Overview of JPNIC
March 6, 1999
Japan Network Information Center
1. History and organization.
Japan Network Information Center, hereafter abbreviated as JPNIC, was founded as a Union of Internet service providers in Japan in April of 1993. On March 31, 1997, it was given permission by the government to register as a probono association. Although has mainly been working in JP domain name assignment and IP address assignment in Japan, it has added some new activities concerning education and census on the Japanese Internet as its objectives at the time of the registration.
Governmental structure of JPNIC is explained by its four organs: a general assembly, a board of trustees, a steering committee, and a secretariat. The general assembly, consisting of all members of JPNIC, is convened two or three times a year, and decides budgets, authorizes audit reports, elects trustees, and makes other important decisions. The board of trustees is empowered to administer the organization. Currently JPNIC has 17 trustees. Members of the steering committee are appointed by the board. Its role is to advise the board of trustees about various issues including JP domain name and IP address assignment policies. These policies are usually discussed, first, by working groups, which function as subsidiaries of the committee, and then discussed in the committee. During these discussions, they often try to hear opinion from the public by open mailing lists and face to face meetings that are not restricted to members. Decisions are made by JPNIC after this process, and the secretariat, which consists of employees, helps these activities, but does not commit to decisions. In this process, trustees, committee members and working group members are obliged to work for public welfare and good; not for their own interests. A certain amount of JPNIC's budget is spent for reimbursement of their philanthropic efforts. Under the policies made by the above-mentioned process, daily businesses, including JP domain name and IP address assignments, are carried out by the secretariat. It currently consists of about 30 employees.
The budget for the fiscal year 1998 is about 672 million yen (5.8 million U.S. dollars); 38% of which is from membership fees, 39% from assignment charges, and the remaining part is from the balance carried over from the previous fiscal year.
2. JP domains
JP domain names are categorized into two groups: one being functional type domains, and the other, geographical domains. Currently, we have 8 functional types, each of which is identified by a 2-letter code second level domain name. For example, NIC.AD.JP is assigned to JPNIC itself, and because it is working on network administration, is has "AD" as its second level domain name. The eight second levels are AD, CO, AC, GO, OR, NE, GR and ED.
Geographical domains have suitable codes indicating the location of the organization, as their second level.
JPNIC's assigning policy is roughly summarized as follows:
2.1. first come, first served,
2.2. one domain name per organization,
2.4. local presence in Japan.
For the principles 2.2 and 2.3, analogous policy may not be found in the InterNIC's com domains. JPNIC thinks these principles play important roles in reducing possible conflicts of domain names, and prevent trading domain names, which JPNIC thinks adds little to the development of the Internet.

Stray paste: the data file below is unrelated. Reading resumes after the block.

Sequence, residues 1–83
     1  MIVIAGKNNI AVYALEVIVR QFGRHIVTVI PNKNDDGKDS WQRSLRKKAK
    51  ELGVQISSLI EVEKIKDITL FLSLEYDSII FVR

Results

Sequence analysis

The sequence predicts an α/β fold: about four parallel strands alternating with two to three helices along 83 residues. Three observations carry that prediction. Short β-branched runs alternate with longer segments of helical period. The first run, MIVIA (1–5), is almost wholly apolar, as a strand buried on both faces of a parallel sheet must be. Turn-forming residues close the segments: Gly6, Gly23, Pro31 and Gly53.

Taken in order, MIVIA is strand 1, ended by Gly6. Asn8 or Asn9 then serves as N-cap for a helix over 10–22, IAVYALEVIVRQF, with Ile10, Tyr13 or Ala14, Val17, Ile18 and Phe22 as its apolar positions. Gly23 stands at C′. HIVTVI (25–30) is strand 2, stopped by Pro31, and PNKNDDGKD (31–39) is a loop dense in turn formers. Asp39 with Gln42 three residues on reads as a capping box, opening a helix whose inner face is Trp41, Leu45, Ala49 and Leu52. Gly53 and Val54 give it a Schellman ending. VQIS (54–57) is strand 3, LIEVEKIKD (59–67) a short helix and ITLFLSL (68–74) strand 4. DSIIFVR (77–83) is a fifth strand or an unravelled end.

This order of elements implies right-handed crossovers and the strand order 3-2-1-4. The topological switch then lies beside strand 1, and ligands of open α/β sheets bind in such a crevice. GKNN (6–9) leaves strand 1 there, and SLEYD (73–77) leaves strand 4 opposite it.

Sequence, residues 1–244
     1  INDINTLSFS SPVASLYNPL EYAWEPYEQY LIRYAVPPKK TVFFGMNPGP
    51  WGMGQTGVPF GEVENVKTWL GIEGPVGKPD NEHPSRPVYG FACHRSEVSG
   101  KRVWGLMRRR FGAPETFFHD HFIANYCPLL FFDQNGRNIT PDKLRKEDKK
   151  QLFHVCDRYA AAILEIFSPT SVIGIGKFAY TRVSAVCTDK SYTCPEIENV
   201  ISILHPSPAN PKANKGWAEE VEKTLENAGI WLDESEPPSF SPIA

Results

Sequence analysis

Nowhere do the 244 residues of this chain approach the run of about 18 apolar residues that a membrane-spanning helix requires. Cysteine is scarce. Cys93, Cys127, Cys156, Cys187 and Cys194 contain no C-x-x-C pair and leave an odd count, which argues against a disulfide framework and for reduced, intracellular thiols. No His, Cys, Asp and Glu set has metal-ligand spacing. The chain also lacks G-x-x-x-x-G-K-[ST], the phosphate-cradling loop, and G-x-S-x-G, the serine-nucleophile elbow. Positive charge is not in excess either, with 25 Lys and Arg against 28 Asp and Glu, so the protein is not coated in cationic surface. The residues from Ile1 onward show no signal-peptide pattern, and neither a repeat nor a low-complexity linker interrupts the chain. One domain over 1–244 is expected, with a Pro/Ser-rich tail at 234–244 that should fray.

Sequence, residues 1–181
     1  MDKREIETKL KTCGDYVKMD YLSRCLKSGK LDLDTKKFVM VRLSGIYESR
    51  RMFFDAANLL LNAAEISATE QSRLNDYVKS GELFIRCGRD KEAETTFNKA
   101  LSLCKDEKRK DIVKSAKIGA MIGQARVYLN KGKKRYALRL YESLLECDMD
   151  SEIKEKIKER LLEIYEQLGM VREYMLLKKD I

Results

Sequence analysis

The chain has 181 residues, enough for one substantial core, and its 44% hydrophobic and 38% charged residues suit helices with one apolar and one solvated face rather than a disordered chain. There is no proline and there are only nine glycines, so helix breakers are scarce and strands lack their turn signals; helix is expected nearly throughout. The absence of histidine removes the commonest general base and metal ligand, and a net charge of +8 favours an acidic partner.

"ED" is the newest functional type, which we started assigning this past February. This second level is for pupils and JPNIC has slightly modified "first come first serve" policy for this second level. That is, we created a pre-assigned domain name list for all 42,000 schools in Japan, and asked each school whether it was satisfied with the domain name JPNIC pre-assigned. JPNIC set the reviewing period until the end of this March, in which each school may demand to change their pre-assigned domain name. This is a strategy JPNIC took this time to avoid scrambling of a domain name by several schools which have the same name in different regions.
Another important issue related to domain name business is the so-called "dispute policy". I have given a speech on this very issue at the APTLD meeting on March 1st. If you would like to see the text of this speech, please see
3. IP addresses and AS numbers
JPNIC allocates blocks of IP addresses to member ISPs, and they assign the necessary amount of addresses to users. This procedure is now based on the Internet draft RFC 2050. As an explosion of RIPs has been is a critical problem on the Internet, JPNIC has been doing its best to promote a hierarchical assignment system of IP addresses mentioned by the RFC with the collaboration with APNIC. AS number assignment is also done with the collaboration with APNIC.
4. Recent topic
--- Privacy problem of whois database and zone transfer of DNS
For many years JPNIC has been suffering from the inappropriate use of its whois database. In the past, some people have retrieved the whole JPNIC whois database and used it for SPAM mail and SPAM FAXs, even though the copyright notice of the database prohibits this. JPNIC has a list of all domain names it registered on its ftp server, so it is rather easy to get the whole database by using each domain name as a key. We have kept this list open because we feel that the tranparency of our domain name registration business is important, but now we are thinking of stopping the publication of the domain name list, and at the same time, switching off the zone transfer permission of DNS servers. Although we would like to keep the domain name list open, we feel that these actions are unavoidable to protect the privacy of domain name registrants. We think this is an important problem to be discussed worldwide among domain name registries.